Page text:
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DENVER — The campaign signs are beginning to pop up around Denver–asking voters to pass issues 2a through 2g, part of a $937 million bond project city leaders are hoping to get approved.

One thing you won’t find is any formal opposition other than a brief write up in the city’s voting guide.

“I’m through the roof mad,” Cecelia Whisler, a concerned citizen said Friday.

Whistler is expressing concern with the proposed bond measure, wondering why the city is essentially “maxing out its credit card” with this proposal. She is also wondering why no official opposition campaign has formed.

“They want us to fund an RTD project which we shouldn’t have to fund, they want us to fund a building at Denver Health,” Whisler added.

Since no formal opposition has formed Whisler has resorted to making home made yard signs that say “Save My House.”

Part of Whisler’s concern is regarding tax rates. The bond measure does not raise tax levels but keeps current rates in place.

Whisler’s main issue is property assessments have increased so much in recent years everyone is paying more in taxes.

“It’s already very hard and expensive to live in Denver,” Whisler said.

Virtually all of the city’s leaders disagree with Whisler’s assessment however.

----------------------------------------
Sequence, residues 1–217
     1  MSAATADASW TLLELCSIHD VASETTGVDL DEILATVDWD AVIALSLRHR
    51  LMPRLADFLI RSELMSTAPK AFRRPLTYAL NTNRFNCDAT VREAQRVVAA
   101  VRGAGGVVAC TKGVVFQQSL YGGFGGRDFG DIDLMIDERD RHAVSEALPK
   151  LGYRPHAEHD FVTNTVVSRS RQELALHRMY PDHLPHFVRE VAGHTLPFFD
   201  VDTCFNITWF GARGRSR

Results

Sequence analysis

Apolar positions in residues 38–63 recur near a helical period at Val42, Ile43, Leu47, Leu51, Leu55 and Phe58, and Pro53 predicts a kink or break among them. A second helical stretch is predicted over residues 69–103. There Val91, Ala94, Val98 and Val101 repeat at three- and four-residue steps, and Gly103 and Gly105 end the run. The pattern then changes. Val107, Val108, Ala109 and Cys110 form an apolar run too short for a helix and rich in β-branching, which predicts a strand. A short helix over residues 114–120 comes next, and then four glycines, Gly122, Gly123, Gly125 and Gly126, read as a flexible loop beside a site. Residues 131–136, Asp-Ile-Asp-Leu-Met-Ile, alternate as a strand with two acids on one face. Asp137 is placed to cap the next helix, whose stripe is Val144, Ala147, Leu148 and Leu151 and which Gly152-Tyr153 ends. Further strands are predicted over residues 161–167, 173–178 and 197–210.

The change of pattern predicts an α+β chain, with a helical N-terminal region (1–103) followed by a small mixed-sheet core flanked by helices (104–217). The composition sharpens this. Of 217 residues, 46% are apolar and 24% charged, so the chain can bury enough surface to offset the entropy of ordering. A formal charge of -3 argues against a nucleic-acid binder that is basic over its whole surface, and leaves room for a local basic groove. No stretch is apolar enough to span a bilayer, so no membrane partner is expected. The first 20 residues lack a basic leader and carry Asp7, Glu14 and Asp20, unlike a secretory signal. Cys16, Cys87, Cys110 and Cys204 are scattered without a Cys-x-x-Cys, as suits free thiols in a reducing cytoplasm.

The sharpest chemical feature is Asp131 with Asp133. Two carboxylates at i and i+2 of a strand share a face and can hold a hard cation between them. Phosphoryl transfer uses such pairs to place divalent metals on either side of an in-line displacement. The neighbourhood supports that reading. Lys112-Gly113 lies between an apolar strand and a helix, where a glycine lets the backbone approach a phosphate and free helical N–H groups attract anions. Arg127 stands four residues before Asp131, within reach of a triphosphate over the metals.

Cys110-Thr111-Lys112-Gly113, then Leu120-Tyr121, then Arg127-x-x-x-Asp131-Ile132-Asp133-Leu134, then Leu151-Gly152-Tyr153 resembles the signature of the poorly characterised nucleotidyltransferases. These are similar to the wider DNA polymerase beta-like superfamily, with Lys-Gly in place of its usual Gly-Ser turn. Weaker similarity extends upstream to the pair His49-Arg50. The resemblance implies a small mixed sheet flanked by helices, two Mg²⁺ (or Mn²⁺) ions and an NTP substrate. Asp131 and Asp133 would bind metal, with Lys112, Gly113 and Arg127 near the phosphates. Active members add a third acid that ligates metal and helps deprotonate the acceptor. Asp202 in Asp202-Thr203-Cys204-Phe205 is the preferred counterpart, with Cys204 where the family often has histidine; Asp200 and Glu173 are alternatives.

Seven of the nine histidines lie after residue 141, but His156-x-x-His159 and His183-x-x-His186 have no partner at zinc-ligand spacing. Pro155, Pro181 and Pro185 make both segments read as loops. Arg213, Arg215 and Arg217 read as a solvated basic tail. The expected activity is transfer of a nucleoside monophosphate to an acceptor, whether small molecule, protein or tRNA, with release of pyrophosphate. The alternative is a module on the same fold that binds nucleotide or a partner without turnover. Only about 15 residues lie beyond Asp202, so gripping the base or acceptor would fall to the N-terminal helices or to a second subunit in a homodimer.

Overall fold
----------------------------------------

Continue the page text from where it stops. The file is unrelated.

“This election really gives voters a chance to invest in their future,” Dan Shah, who works with Colfax Business Districts said.

Shaw says some of the big issues in the bond project include a $75 million new outpatient facility at Denver Health and a complete transformation of East Colfax.

Shah says yes this bond measure would cost property owners money but they would be rewarded with improved city amenities.

For instance, the bond project calls for designated bus lanes on Colfax for quicker commutes, improved sidewalks and landscapes and safer conditions for pedestrians.

“It’s still very difficult to be a customer on Colfax,” Shah added.

Here is a complete list of what each issue funds:

  • 2A – Transportation and Mobility
  • 2B – Cultural Facilities
  • 2C – Denver Health
  • 2D – Public Safety
  • 2 E – Public Libraries
  • 2 F – Parks and Recreation
  • 2 G – Public Facilities

Most voters should’ve already received their ballots in the mail. They must be returned by 7 p.m. on election day, November 7.